It could be said that Dworkin may categorise Chester to be in line with the Sorensen's case, likely requiring moral considerations to be taken in account.

ii) Principles and rules distinguished

Principles describe rights; policies describe goals.[22] It is part of Dworkins argument for ‘taking rights seriously' that he contends that rights have a ‘threshold weight' against community goals; this is his theory of ‘rights as trumps'. If we are to respect individual rights, he argues, they must not be capable of being squashed by some competing community goal.

By using cases such as Riggs v Palmer[23] Dworkin demonstrates that certain situations necessitate the application of principles in order to avoid absurd results. The court held in Riggs, that the application of the rules was subject to the principle that ‘no man should profit from his own wrong'. Dworkin argues that this decision demonstrates that, in addition to rules, the law incorporates principles.[24].

Dworkin would perhaps argue that in Chester the majority judges are applying principles, the relevant principle or right that judges are protecting in Chester is the right of autonomy and dignity.

Lord Steyn quoted Ronald Dworkin , Life's Dominion, in support :

“ The most plausible[account] emphasises the integrity rather than welfare of the choosing agent; the value of autonomy, on this view derives from the capacity it protects.”[25]

In the case of Chester Dworkin might disagree with dissenting judges, as they were inclined towards applying the strict rule of causation, rather than taking principles in account.

iii) Hercules and the limits of judicial discretion

Hart argues that in certain circumstances a “penumbra of doubt” occurs whereby judges inevitably use their discretion in deciding cases.[26]Although Dworkin acknowledges strong discretion in specific circumstances,[27] he provides an alternative theory regarding judicial decision-making processes in “hard cases”.

Dworkin argues that by apportioning weight to principles and applying them when deciding “hard cases” the penumbra of doubt is removed leaving a single correct answer ascertainable in each case. Within this theory Dworkin developed Hercules J, as an archetypal judge capable of ascertaining this correct answer.

It can be argued that in Chester Dworkin would perhaps say that the majority judges are weighing principles, as two principles are seen to be conflicting. First one being the traditional principle of English law that a tortfeasor would not be liable unless he had, by his conduct, increased the risk to which a Claimant was exposed. Secondly the principle or right judges are trying to protect is that of an individual's autonomy and dignity. According to Dworkin in such a situation the conflicting principles have to be weighed and balanced against each other before the decision is made to apply one or the other.[28]As we see the outcome of Chester is based on policy grounds by the majority judges, Dworkin would justify this outcome explaining that in a hard case the judge will apply rules, or, when rules do not apply, as seen in Chester,he will balance legal principles in order to work out which one ‘fits' in the scenario before him. There is ‘one right answer' which the judge strives to find (‘Hercules' would always find it ).Dworkin would say that in cases where principles conflict, as in Chester, Hercules would be able to talk about policy, only because both the principles fit, it would be relevant to consider the political considerations of these principles as both of them fit.[29]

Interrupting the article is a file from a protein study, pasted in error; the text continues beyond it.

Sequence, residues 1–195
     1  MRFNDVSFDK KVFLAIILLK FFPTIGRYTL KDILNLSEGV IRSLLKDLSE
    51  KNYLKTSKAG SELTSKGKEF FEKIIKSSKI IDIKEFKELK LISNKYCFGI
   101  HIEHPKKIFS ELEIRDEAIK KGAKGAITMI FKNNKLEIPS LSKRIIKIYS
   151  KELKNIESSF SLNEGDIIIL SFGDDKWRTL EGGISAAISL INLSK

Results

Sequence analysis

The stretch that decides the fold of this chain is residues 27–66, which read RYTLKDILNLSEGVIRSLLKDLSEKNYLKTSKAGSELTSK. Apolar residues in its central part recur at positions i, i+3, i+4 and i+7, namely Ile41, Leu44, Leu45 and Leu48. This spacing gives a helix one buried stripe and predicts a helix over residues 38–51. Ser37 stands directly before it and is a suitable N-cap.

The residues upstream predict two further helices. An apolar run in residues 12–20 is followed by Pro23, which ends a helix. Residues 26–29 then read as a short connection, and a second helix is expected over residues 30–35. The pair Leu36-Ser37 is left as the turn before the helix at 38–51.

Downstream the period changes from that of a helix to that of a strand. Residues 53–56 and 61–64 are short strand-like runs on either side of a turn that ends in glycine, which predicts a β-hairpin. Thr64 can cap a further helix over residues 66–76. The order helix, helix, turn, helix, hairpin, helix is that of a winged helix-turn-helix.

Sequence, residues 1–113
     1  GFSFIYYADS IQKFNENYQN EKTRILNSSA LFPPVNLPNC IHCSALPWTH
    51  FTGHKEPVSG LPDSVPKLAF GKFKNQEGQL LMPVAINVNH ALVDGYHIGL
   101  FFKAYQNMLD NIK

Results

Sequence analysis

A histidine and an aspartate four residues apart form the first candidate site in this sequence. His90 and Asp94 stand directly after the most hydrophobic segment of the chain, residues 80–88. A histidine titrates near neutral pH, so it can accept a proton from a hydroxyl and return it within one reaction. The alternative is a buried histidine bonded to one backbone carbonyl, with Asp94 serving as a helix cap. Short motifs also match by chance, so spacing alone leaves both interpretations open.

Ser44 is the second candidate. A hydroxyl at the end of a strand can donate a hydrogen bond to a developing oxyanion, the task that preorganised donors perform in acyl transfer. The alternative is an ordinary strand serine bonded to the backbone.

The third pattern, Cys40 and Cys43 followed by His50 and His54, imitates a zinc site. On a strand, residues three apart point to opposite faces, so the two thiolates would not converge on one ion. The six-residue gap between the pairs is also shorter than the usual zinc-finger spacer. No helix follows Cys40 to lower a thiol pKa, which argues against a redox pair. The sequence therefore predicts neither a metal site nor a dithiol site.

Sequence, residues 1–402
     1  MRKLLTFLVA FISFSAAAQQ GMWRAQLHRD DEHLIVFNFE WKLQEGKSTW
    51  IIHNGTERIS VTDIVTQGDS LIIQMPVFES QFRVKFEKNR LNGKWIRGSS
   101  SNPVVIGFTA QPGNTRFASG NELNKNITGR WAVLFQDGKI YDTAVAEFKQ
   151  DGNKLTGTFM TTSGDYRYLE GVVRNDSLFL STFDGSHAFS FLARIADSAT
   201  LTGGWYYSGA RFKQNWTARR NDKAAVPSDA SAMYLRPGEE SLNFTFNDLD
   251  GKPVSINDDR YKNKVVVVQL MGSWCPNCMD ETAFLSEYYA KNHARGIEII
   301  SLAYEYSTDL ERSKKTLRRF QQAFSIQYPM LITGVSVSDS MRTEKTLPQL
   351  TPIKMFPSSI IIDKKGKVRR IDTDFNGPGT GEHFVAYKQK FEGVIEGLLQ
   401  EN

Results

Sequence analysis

Furthermore, Hercules treats ‘fit' holistically. This may require him to consider related branches of the law to see whether the community has committed itself to some background right from which the concrete right would follow.[30] Thus in arriving at the outcome of Chester, Dworkin would say that the judges have indeed taken in account other related branches of law in arriving at the conclusion, for example by referring to medical law, as well as the law of uninformed consent. And have weighed the two principles at hand and applied the one that best fits. In this case in conflict with the traditional principle of causation, as mentioned above, the principle of a right to autonomy (informed consent) overrules in terms of political morality.

Moreover, in Taking Rights Seriously, Dworkin specifically addresses the Spartan Steel[31]case, which he regards as proving his theory of adjudication[32],as he quotes:

‘That is, I suppose, what is meant by the popular idea that a court must be free to decide a novel case like Spartan Steel on policy grounds.'[33]

Dworkin would further justify the outcome of Chester based on policy grounds, by arguing that ‘if a judge's decision appears, on its face, to be based on considerations of public policy, it ought really to be understood, as an appeal to the rights of individual members of the public.'

Criticism of Hart and Dworkin